On Day 68 the oncologist sends me back to the beginning, back to the radiologist’s office where I had the mammogram and sonogram that revealed the mass before we knew it was malignant. This time I try to park close to the front doors because my red blood cell count is half of what it was last time I was here due to eight weeks of chemo, which means I’m walking very slowly in my wig I call “the Hitchcock blonde.” The “Tennille” wig I wear to work, and somehow I’ve frayed it a little around the bangs. I think from the time I leaned to pull a sheet of sweet potato fries out of the oven and felt the steam from the gap of the oven door sprawl across my cheeks. Leave it to me to melt my best wig. Or it could have frayed because Tennille filed for divorce from the Captain. So I sweep the Hitchcock blonde bangs back and step into the building’s lobby, which looks like the Genesis cave in Star Trek: Wrath of Khan. Stone walls and greenery.
I snap a picture, one blurry, the other clear, and then I push the glass door back and check in. They move me to another waiting room, a separate waiting room with four chairs where women in crisscross hospital gowns watch HGTV beside the door marked “Caution: X-Rays in Progress.” The mammogram room. I know where to change clothes, and I know where to sit. I know where to go when they call my name and all the other women wish me good luck, just like they did the last time. Last time, Extreme’s “More Than Words” played over the speakers and I couldn’t stop laughing though the technician ordered me to stay perfectly still. This time they played “And We Danced” by The Hooters, and I’m starting to suspect someone with a wicked sense of humor is programming the music around here. This time, the mass that had registered as 1.8 cm now checks in at 1 cm. The mammogram doesn’t show this, because the mammogram is worthless for someone with dense tissues (my surgeon’s words). The sonogram they complete in the broom-closet room down the hall shows this – the black hole of the mass collapsing in on itself at last.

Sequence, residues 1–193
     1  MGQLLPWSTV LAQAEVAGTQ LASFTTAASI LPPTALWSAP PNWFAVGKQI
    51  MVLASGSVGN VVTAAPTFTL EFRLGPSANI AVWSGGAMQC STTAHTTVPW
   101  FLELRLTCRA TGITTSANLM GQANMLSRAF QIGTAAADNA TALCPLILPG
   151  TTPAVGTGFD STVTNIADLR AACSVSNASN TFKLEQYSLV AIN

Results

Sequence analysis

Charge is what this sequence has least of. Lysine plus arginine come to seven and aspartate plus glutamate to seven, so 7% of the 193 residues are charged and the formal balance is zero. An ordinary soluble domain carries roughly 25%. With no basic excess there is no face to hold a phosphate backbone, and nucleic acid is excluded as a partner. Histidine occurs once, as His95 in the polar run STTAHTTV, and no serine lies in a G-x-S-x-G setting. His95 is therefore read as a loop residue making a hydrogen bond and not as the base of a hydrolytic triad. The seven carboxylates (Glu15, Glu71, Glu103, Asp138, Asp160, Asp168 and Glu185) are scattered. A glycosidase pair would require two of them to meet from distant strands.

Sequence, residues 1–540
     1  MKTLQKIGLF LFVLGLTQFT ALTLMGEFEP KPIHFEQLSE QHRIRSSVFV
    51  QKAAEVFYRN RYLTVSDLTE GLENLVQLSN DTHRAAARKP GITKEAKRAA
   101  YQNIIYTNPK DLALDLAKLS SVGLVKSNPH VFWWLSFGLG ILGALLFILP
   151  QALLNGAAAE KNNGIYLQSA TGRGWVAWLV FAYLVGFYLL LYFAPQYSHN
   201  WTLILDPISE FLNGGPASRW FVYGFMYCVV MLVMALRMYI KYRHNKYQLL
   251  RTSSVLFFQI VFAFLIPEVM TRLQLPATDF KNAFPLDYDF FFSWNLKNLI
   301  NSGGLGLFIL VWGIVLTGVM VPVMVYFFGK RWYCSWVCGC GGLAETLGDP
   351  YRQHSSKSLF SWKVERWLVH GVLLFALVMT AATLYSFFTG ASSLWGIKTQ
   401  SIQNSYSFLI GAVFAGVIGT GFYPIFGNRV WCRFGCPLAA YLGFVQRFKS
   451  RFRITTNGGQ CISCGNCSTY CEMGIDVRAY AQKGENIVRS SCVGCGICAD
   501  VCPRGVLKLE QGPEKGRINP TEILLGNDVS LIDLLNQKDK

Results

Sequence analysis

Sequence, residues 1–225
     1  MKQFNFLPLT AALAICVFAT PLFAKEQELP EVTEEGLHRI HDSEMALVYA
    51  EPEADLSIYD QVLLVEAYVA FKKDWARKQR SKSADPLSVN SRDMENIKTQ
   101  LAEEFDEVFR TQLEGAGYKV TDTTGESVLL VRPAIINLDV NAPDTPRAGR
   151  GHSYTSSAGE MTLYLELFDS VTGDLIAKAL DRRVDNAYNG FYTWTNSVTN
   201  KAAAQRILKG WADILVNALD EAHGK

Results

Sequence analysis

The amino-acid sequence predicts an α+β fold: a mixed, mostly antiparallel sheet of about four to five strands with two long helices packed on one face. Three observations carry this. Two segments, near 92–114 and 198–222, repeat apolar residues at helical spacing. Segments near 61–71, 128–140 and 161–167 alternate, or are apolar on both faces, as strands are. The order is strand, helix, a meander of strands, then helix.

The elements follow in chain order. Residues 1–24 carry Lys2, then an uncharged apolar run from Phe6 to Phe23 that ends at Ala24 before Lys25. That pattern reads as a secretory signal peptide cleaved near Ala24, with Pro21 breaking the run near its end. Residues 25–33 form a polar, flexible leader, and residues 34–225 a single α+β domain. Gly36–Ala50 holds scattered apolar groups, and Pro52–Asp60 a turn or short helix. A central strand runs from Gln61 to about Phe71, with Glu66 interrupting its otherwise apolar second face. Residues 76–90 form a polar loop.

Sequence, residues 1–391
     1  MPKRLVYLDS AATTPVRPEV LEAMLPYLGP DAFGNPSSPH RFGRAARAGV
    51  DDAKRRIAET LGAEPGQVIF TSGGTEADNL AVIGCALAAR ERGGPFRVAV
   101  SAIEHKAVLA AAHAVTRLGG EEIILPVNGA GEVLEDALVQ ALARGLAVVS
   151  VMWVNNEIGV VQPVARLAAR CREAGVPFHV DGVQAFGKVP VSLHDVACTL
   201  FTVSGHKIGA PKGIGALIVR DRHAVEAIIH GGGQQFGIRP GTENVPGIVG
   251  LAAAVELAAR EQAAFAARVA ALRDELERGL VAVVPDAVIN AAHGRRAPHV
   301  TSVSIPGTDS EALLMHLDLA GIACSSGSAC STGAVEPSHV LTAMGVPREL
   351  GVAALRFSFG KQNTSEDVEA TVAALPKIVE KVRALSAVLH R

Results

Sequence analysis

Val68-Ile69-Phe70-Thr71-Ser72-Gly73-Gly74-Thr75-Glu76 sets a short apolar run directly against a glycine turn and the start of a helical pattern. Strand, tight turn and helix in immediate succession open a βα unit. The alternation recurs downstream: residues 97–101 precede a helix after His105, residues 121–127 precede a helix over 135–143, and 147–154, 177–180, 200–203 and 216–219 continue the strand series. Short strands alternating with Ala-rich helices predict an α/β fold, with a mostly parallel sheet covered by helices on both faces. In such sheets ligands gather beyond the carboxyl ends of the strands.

* * *
Day 69. I have a comedian for a babysitter. I mean that literally. I mean that my babysitter is a comedian who wants to write a comedic television series. Here she is babysitting the Firecracker:
Maybe an hour after she’s left my house, while I’m packing up at work and Joe has taken over at home, the babysitter texts me to say that she just discovered our television remote tucked away in her backpack where the Firecracker must have hidden it. I ask her if she can bring it back the next day.
“This changes everything,” she answers. “You now owe me 12,190 Rupiah if you ever want to watch TV comfortably again.”
Later I learn that’s roughly a dollar. When I sternly ask the Firecracker why she put the remote control in the babysitter’s backpack, she says: “Uh … I … I’m getting kind of confused,” bats at the air like someone losing equilibrium, and then runs off to play Club Penguin on the computer. We’re all comedians around here.
* * *